a swollen area, especially on the body as a result of injury, disease etc. She had a swelling on her arm where the wasp had stung her.
swollen (ˈswəulən) adjective
increased in size, thickness etc, through swelling. a swollen river; He had a swollen ankle after falling down the stairs.
ˌswollen-ˈheaded adjective
too pleased with oneself; conceited. He's very swollen-headed about his success.
swell out
to (cause to) bulge. The sails swelled out in the wind.
swell up
(of a part of the body) to swell. The toothache made her face swell up.
Kernerman English Multilingual Dictionary © 2006-2013 K Dictionaries Ltd.

swell·ing

n. hinchazón; tumefacción;
pop. bulto, chichón.
English-Spanish Medical Dictionary © Farlex 2012

swelling

n hinchazón f
English-Spanish/Spanish-English Medical Dictionary Copyright © 2006 by The McGraw-Hill Companies, Inc. All rights reserved.
References in classic literature ?
On the first of June the ship got under way, and dropped down to Baker's Bay, where she was detained for a few days by a head wind; but early in the morning of the fifth stood out to sea with a fine breeze and swelling canvas, and swept off gaily on her fatal voyage, from which she was never to return!
A swelling, slow and sensationless at first, under his right arm- pit, had become a mild and unceasing pain.
I could feel my knee through my clothes, swelling, and swelling, and I was sick and faint from the pain of it.
My swelling heart involuntarily pours itself out thus.
In the hospitals, death was so certain that soldiers suffering from fever, or the swelling that came from bad food, preferred to remain on duty, and hardly able to drag their legs went to the front rather than to the hospitals.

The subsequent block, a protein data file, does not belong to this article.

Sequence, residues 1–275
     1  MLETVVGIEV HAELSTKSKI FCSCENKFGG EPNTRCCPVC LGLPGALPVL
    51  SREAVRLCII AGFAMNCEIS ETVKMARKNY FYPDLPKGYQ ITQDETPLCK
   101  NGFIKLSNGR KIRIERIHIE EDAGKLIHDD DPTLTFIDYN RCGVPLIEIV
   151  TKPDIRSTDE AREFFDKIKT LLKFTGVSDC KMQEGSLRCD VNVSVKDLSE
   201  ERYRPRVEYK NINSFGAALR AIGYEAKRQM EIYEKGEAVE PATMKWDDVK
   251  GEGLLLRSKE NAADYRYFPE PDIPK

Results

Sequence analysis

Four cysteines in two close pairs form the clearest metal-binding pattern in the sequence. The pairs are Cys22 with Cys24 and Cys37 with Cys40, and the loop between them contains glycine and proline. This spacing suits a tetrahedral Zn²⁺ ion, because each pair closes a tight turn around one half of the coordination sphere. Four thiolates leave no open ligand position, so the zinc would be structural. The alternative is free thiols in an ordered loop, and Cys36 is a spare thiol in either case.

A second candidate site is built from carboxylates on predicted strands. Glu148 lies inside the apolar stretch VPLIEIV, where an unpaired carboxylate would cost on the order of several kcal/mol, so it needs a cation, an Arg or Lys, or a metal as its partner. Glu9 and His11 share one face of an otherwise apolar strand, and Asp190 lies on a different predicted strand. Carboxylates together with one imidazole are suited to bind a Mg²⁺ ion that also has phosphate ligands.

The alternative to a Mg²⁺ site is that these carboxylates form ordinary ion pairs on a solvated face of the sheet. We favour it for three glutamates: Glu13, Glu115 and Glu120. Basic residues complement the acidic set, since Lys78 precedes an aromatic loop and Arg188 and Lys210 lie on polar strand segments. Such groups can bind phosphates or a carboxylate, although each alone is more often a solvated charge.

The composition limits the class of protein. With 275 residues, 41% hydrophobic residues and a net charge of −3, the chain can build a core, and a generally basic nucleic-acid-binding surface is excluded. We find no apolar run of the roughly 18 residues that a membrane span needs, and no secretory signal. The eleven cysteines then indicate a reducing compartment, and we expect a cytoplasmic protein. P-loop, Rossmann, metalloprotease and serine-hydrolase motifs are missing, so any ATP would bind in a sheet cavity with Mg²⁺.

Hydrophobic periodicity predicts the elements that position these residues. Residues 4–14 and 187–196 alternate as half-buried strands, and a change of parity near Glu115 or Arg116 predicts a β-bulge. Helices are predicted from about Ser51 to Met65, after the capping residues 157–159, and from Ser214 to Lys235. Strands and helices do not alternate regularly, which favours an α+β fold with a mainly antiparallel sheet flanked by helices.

Yet the ear, it fully knows, By the twanging And the clanging, How the danger ebbs and flows; Yet, the ear distinctly tells, In the jangling And the wrangling, How the danger sinks and swells, By the sinking or the swelling in the anger of the bells - Of the bells - Of the bells, bells, bells, bells, Bells, bells, bells - In the clamour and the clangour of the bells!
(And as I listened with swelling heart, I wondered if it was his daughter I was to marry.)
The trail began to rise out of the jungle, dipping at times into festering hollows of unwholesome vegetation, but rising more and more over swelling, unseen hill-slopes or climbing steep hog-backs and rocky hummocks where the forest thinned and blue patches of sky appeared overhead.
And, as he came out into the farmyard, Levin, like a tree in spring that knows not what form will be taken by the young shoots and twigs imprisoned in its swelling buds, hardly knew what undertakings he was going to begin upon now in the farm work that was so dear to him.
(a hill not to be commanded, and where the air is always clear and serene), and to see the errors, and wanderings, and mists, and tempests, in the vale below; so always that this prospect be with pity, and not with swelling, or pride.
He patted a swelling portfolio that lay on the table at his elbow.
`But he himself in the swelling tide of the rain-swollen river.'